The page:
Apollo 50: New Perspectives
Small Steps to a Giant Leap at ScienceWorks Hands-On Museum’
By Dan Ruby, Executive Director
I was born the year that the twin Voyager spacecraft began their audacious journey to the cosmos, so I missed the world-gripping excitement of Apollo. I grew up with the Shuttle program throughout the ‘80s, ‘90s, and early-aughts, so my affection for space exploration was complex; my vivid childhood memory was not of watching Neil Armstrong leap on the Moon, nor of streaming lon Musk’s SpaceX rockets landing themselves on drone ships, but of seeing the Challenger explode, with teacher Christa McAuliffe onboard, broadcast live on a TV set in my 4th-grade classroom. I was either too early or too late.
Still, the Universe outside our thin atmosphere is inherently intriguing, and I ended up in a career as an astronomy educator and planetary researcher. Through NASA-funded projects with students and teachers, I discovered that space is an amazingly effective lens through which to view science, technology, engineering, and math. I made annual visits over a decade to the US Space & Rocket Center in Hunstville, AL, where the mighty Saturn V rockets were created as the brainchild of Werner Von Braun, and through those trips, I developed a special appreciation of Apollo as a unique focal point in the history of humanity. The manned Moon landings were not just the most ambitious geology field trip ever, though they were definitely that. They were not just the culmination of one of the largest and most complex engineering projects to date, though they were definitely that. They were not just the first time humans had seen the blue marble of planet Earth as a fragile whole, causing a transformational shift toward understanding our globe as a unified system, though they were definitely that. They were not just an example of highly-trained, exceptionally-skilled astronauts pushing the envelope of what is physically possible, though they were definitely that. They were not just a stunning instance of hundreds of thousands of individuals, working for countless companies across myriad industries, coming together as a finely-tuned team to support a common goal, though they were definitely that. They were not just the crystallization of a singular vision fueled by unprecedented resources, though they were that. Lastly, they were not just the inspiration for an entire generation to become scientists and engineers, equipped with the optimism that comes from knowing anything is possible, though they were definitely that too.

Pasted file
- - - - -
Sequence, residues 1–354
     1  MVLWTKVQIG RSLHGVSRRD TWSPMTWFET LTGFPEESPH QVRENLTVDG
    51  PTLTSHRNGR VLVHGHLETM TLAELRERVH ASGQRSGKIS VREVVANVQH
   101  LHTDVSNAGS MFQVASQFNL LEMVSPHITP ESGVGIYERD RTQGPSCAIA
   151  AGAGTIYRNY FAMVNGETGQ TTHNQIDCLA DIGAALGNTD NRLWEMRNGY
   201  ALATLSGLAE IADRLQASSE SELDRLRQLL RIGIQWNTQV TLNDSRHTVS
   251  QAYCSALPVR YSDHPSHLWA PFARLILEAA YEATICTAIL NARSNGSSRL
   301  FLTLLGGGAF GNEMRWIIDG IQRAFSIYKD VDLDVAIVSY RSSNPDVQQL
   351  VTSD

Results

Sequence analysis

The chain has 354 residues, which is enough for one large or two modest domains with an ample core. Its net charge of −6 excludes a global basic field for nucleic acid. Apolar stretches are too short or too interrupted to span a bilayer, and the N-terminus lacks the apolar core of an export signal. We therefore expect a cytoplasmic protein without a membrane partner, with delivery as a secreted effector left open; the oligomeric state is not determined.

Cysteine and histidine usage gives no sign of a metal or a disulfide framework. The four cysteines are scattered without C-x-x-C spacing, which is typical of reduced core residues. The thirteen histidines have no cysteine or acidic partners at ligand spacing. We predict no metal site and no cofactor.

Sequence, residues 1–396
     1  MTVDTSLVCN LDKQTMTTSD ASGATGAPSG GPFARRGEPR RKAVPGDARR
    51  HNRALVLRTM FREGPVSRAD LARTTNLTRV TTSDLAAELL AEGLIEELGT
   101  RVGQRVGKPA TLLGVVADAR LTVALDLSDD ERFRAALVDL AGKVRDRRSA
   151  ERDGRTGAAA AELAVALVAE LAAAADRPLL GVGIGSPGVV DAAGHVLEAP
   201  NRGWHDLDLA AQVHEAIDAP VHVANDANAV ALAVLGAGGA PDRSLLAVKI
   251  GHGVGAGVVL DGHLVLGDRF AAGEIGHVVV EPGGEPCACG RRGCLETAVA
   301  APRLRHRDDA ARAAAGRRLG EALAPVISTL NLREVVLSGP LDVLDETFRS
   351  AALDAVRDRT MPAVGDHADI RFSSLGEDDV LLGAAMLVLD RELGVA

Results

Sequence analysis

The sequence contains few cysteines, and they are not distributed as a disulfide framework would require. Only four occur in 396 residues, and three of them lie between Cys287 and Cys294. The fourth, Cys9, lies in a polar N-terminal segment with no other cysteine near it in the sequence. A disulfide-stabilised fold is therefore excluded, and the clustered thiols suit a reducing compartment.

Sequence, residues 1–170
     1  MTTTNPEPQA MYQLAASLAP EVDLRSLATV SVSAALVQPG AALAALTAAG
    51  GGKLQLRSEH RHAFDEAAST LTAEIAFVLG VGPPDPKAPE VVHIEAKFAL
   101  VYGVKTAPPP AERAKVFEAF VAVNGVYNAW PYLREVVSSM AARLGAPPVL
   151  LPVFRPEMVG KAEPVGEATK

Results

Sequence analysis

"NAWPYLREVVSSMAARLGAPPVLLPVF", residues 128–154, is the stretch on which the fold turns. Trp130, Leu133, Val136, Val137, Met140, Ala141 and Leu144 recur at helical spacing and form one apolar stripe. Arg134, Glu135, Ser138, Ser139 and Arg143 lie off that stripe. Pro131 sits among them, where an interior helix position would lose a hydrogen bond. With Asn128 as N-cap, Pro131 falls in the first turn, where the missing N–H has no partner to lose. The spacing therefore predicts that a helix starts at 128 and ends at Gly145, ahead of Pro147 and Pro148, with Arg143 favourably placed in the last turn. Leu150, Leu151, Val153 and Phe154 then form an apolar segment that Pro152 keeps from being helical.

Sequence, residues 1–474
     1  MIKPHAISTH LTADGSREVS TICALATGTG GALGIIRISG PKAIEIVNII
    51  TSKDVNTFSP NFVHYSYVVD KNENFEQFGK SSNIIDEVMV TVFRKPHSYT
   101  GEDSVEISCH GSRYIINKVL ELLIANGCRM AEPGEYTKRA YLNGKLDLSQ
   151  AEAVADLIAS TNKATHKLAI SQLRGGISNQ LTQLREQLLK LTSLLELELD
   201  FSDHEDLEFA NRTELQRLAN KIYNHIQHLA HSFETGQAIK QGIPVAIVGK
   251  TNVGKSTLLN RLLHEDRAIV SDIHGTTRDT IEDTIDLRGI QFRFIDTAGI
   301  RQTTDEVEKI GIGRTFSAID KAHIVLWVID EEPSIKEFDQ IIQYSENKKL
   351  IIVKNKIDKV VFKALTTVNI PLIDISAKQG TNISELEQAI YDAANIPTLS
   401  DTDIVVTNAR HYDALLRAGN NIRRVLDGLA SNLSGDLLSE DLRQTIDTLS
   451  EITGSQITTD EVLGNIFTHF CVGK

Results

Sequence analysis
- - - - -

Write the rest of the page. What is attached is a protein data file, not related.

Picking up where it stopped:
The Apollo missions from 1969 to 1972 (or 1974 and 1975 if we include Skylab and Apollo-Soyuz, respectively) were all of these things, plus more to many millions who shared the milestone moments with family and friends. For all of these reasons, it was important for us at the Museum to do something for the 50th anniversary of the Apollo missions, beginning with the date that Man first stepped on the lunar surface.